Ruminations and recipes from a small kitchen in a big city.


Food magazines and opera houses.

Cooking, working and raising children doesn't leave a whole lot of time for reading, so why we continue to subscribe to food magazines is a mystery. Maybe because they are fun to read. My personal favourite is New Zealand's Cuisine.

I've got old food magazines stacked away in cupboards, spare rooms, in the boots of Volvos and just lying about on coffee tables and floors and in bathrooms, ready for a quick flip through in an increasingly rare spare moment.

The May edition of Bon Appetit just arrived. It features the cuisine of Australia among those of other lands and it has a picture of the Sydney Opera House on the cover. Inside, the first several pages are glossy double page ads. One of these is a for a shipping line advertising tours to Australia. It shows a couple gazing out of their tour ship at ... the Sydney Opera House.

What is it with the Sydney Opera House as an Australian symbol? The Sydney Opera House was someone's idea of a post-modern architectural joke. Building contractors scratched their heads for years and almost couldn't build it because of its complexity. When they did finally finish it in 1973, its cost had overrun by something like 1400%-1700%, depending on who you ask, and yet the 'waterproof' joints between the roof shells had a projected life of 12 years with no provision made for inspection, maintenance, or repair. By 1989, the Sydney Opera House was falling apart and needed another $500 million thrown at it.

All that, for an acoustically-inferior concert hall that endangers the hearing of the musicians, has serious shortcomings for performers and looks like a yacht race in a cyclone.

A Federal Government Department of Environment report into the state of the building provides the following 1998 Sydney Opera House Trust comment. (They are bureaucrats, so we will need to call in the translators.)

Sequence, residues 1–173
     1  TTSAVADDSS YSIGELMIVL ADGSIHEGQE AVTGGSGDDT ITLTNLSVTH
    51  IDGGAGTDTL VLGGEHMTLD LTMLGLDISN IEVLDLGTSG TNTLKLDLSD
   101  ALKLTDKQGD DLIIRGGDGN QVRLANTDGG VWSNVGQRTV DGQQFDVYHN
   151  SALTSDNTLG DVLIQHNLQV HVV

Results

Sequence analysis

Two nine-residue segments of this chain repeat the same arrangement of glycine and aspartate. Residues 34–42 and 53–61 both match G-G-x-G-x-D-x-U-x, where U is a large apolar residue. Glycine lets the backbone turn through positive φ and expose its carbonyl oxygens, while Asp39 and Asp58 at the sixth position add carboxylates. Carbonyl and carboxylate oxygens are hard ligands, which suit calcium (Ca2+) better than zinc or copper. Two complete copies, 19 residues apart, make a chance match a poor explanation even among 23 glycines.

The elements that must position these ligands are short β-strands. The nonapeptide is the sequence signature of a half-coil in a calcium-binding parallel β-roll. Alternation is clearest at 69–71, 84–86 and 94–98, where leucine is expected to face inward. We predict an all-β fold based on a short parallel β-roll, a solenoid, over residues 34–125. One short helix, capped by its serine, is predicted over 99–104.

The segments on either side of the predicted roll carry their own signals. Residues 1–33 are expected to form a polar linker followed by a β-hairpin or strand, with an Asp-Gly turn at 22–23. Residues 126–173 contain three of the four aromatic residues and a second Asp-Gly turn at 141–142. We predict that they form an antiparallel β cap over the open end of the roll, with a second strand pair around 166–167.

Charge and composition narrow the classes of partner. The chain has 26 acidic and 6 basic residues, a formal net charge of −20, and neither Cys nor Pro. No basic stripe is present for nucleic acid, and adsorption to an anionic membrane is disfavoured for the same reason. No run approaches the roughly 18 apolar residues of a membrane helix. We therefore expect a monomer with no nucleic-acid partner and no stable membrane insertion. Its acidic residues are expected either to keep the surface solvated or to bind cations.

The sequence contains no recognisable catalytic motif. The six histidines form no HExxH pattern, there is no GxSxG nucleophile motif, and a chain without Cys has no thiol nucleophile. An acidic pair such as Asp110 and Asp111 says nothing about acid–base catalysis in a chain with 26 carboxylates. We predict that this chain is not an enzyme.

'Since being completed twenty-five years ago, the Sydney Opera House has become an international icon, instantly recognisable to people all around the world.'

Translation: everyone recognises it, so we're stuck with it.

'The Sydney Opera House Trust has decided to embark on a long-term program aimed at achieving two significant objectives.'

Translation: 'long-term' means we can push costs onto future administrations, because we're not sure if it will work or whether it's worth it.

'The first is to safeguard the Sydney Opera House and its site for the benefit of future generations.'

Translation: it's falling down.

'The second is to address the current effectiveness of the building’s function as a contemporary performing arts centre.'

Translation: it's falling down and it doesn't work.

'In establishing these two objectives, we are mindful that they must be achieved within the design principles established by Utzon.'

Translation: the design was nuts and our task is probably impossible.

'The challenge now facing the Trust is to safeguard the integrity of Jørn Utzon’s vision, whilst assessing the functions of the building to ensure that it can continue to perform as the world-class performing arts centre that Utzon intended it to be.'

Read: unfortunately we can't pull the bastard down.

The Opera House would never have been built in Melbourne. The irony is that to most Sydneysiders, that's a criticism.


Diane said...

Heh. I live in Wisonsin, once home to Frank Lloyd Wright. We have quite a few of his buildings - from smallish city homes to churches to corporate headquarters - in the state. They all share the same problems as the opera house. They leak, they are difficult/impossible/prohibitively expensive to maintain/can never be demolished.

Dan said...

What's not mentioned is the secret plot by those Viking Northlanders to destroy Civilization (sorry, I meant Civilisation) via ugly, useless architecture.

neil said...

Really, the Opera House encapsulates all that Sydney empty's all show and no go.

Sara said...

Isn't the Opera House up for nomination for the new wonders of the world?